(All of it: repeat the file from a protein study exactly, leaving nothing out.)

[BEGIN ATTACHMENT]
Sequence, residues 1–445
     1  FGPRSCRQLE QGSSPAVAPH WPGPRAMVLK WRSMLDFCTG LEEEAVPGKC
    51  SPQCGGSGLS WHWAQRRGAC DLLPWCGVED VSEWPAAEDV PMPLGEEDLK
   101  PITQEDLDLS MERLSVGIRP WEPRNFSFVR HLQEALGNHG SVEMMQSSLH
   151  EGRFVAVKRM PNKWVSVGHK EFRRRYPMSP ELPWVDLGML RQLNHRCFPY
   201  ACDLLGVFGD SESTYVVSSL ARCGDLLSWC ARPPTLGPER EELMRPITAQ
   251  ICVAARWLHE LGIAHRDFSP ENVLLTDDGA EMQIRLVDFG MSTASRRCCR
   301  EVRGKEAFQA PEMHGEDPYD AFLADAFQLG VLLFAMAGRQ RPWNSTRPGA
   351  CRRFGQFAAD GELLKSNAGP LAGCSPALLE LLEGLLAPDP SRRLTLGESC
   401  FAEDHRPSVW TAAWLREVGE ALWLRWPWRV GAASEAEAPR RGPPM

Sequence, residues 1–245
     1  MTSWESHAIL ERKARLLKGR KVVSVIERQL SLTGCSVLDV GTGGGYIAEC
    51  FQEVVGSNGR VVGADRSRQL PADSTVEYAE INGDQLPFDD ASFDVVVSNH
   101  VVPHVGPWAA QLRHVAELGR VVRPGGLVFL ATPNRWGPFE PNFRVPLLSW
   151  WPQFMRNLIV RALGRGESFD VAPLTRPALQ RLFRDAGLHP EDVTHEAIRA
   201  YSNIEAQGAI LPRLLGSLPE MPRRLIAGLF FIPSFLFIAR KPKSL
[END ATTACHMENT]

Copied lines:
Sequence, residues 1–445
     1  FGPRSCRQLE QGSSPAVAPH WPGPRAMVLK WRSMLDFCTG LEEEAVPGKC
    51  SPQCGGSGLS WHWAQRRGAC DLLPWCGVED VSEWPAAEDV PMPLGEEDLK
   101  PITQEDLDLS MERLSVGIRP WEPRNFSFVR HLQEALGNHG SVEMMQSSLH
   151  EGRFVAVKRM PNKWVSVGHK EFRRRYPMSP ELPWVDLGML RQLNHRCFPY
   201  ACDLLGVFGD SESTYVVSSL ARCGDLLSWC ARPPTLGPER EELMRPITAQ
   251  ICVAARWLHE LGIAHRDFSP ENVLLTDDGA EMQIRLVDFG MSTASRRCCR
   301  EVRGKEAFQA PEMHGEDPYD AFLADAFQLG VLLFAMAGRQ RPWNSTRPGA
   351  CRRFGQFAAD GELLKSNAGP LAGCSPALLE LLEGLLAPDP SRRLTLGESC
   401  FAEDHRPSVW TAAWLREVGE ALWLRWPWRV GAASEAEAPR RGPPM

Sequence, residues 1–245
     1  MTSWESHAIL ERKARLLKGR KVVSVIERQL SLTGCSVLDV GTGGGYIAEC
    51  FQEVVGSNGR VVGADRSRQL PADSTVEYAE INGDQLPFDD ASFDVVVSNH
   101  VVPHVGPWAA QLRHVAELGR VVRPGGLVFL ATPNRWGPFE PNFRVPLLSW
   151  WPQFMRNLIV RALGRGESFD VAPLTRPALQ RLFRDAGLHP EDVTHEAIRA
   201  YSNIEAQGAI LPRLLGSLPE MPRRLIAGLF FIPSFLFIAR KPKSL